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Coptic Martyr

The Coptic Martyr of Cairo

The latest international thriller from best-selling author Martin Roth

Four Americans in Egypt on an archaeological dig. In the blistering summer heat they are fighting amongst themselves. Then they unearth a body. It is an old priest who has been murdered.

The gruesome discovery sets in train a sequence of events that leads to a deadly Islamist attack on the ancient church where the Americans are working.

The leader of the expedition, Professor Rafa Harel, must decide whether to withdraw his fractious team or continue on a mission to unveil a controversial series of wall paintings, knowing that these images have the power to spark even greater violence.

Meanwhile, watching over all of them is a dreamy young Egyptian Christian named Amir. His only quest in life is to become a martyr...

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Berating Christian Leaders, Part II

A few weeks ago I wrote about how my conscience had been stirred by an email I’d received from a reader of my website. He felt that I had unfairly attacked a prominent Australian Christian leader. At the very least, he thought that I should have consulted this leader privately to discuss my concerns, rather than rushing into print (or pixels) on my website.

A few people have responded. Richard Hall wrote about this issue of consultation:

My short answer would be: No. Not if their pronouncements had been made for public consumption. The value of blogging is its immediacy -- also its weakness, but that's another issue -- and that would be lost if private consultation had to occur before comment could be made. Of course, there's no excuse for a lack of charity in our blogging, whether towards leaders or anyone else.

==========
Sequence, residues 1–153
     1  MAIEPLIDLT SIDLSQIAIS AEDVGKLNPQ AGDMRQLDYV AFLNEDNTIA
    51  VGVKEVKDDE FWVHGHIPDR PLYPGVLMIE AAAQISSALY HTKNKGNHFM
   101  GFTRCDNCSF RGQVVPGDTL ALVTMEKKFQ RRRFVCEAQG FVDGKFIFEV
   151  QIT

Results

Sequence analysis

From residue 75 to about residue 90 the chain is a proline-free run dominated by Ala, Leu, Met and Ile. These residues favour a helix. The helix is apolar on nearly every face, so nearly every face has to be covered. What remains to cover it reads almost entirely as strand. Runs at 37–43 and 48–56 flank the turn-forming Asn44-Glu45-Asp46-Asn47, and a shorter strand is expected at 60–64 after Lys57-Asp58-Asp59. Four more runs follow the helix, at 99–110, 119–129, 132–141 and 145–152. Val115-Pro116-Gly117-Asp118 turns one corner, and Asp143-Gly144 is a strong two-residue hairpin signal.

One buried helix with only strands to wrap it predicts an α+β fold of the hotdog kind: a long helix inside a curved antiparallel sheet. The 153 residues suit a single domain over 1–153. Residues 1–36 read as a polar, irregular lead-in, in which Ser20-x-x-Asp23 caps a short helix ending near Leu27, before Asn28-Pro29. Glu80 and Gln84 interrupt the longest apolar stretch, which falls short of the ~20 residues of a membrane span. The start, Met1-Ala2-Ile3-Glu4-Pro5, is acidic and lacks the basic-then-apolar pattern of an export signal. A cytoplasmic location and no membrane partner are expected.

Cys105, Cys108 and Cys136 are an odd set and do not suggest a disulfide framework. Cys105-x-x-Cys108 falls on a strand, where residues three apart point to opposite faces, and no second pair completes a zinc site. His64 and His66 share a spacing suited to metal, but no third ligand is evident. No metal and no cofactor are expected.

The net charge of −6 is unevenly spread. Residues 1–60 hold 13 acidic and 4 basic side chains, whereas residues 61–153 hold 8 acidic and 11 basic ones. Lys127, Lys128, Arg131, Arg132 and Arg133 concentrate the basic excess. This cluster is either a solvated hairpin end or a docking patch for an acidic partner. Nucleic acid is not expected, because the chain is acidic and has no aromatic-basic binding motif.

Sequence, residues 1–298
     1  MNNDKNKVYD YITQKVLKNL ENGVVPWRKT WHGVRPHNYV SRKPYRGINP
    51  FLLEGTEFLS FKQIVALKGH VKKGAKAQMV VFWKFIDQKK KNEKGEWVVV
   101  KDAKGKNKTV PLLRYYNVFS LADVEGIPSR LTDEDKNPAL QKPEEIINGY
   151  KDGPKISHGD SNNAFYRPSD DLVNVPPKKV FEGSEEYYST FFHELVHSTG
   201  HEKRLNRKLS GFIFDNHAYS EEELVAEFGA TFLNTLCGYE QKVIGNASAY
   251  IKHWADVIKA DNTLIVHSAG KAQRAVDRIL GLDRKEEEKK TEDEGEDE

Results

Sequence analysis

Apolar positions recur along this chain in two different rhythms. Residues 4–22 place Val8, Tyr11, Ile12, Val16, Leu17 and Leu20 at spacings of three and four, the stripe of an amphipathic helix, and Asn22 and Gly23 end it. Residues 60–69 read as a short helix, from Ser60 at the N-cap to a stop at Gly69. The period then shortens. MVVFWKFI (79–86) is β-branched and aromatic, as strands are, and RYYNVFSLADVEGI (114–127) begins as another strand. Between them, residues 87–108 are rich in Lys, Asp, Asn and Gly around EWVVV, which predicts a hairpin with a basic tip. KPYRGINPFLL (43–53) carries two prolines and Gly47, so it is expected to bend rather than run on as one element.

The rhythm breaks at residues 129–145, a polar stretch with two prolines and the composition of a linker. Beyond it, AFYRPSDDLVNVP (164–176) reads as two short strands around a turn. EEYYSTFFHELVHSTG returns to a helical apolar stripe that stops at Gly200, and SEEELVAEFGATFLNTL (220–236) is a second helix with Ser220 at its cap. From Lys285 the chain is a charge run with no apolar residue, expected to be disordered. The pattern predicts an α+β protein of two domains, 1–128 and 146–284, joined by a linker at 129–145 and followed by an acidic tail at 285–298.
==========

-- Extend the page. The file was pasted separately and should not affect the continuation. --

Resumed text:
One of Richard’s readers posted a link to this commentary, responding to a rebellious US church leader who has called on his critics to apply Matthew 18:

Matthew 18, however, has no application to a public leader and his public writings. Matthew 18 deals with personal concerns between two individuals - and is usually conducted within the confines of a church.

Bene Diction also posted on this matter (Bene Diction’s archives don’t seem to be working, and I have linked to the post via Google cache):

If Martin's conscience is pricked, I think he needs to do what is best for him. However, my attitude is mixed. If any 'leader' makes a public comment, I think it is up for discussion, especially on blogs.

In the comments section of Bene Diction’s website, The Dane wrote:

We have no difficulty voicing our displeasure with the teaching of Christian ministers like Benny Hinn (who seem completely oblivious to the goal and direction of Scripture), so where is the difference?...Public speech should expect (and indeed, welcome) a public response. Of course, even proper opinion without the temper of love is worthless at best. And there, I think, is the primary rub in all of this. When does stern reprimand and careful warning give way to antagonistic vitriol and bitter hostility?

Also in Bene Diction’s comments section, the Saint wrote:

Each of us is an ambassador of Christ, and…in some sense we always represent each other too. But extending grace to each other does not mean we should never admonish one another either.

As for me, I have decided that, at the very least, I was wrong not to have notified the two Christian leaders whom I have particularly criticized – Archbishop Peter Carnley and Rev Fred Nile – about my comments. I did so belatedly, two weeks ago, affirming:

I am writing to alert you to my article and to emphasise my desire to run my website at all times in a spirit of Christian love and harmony. I would welcome any comments you might have in response.

So far, neither has replied. There the matter rests.

October 6th, 2003


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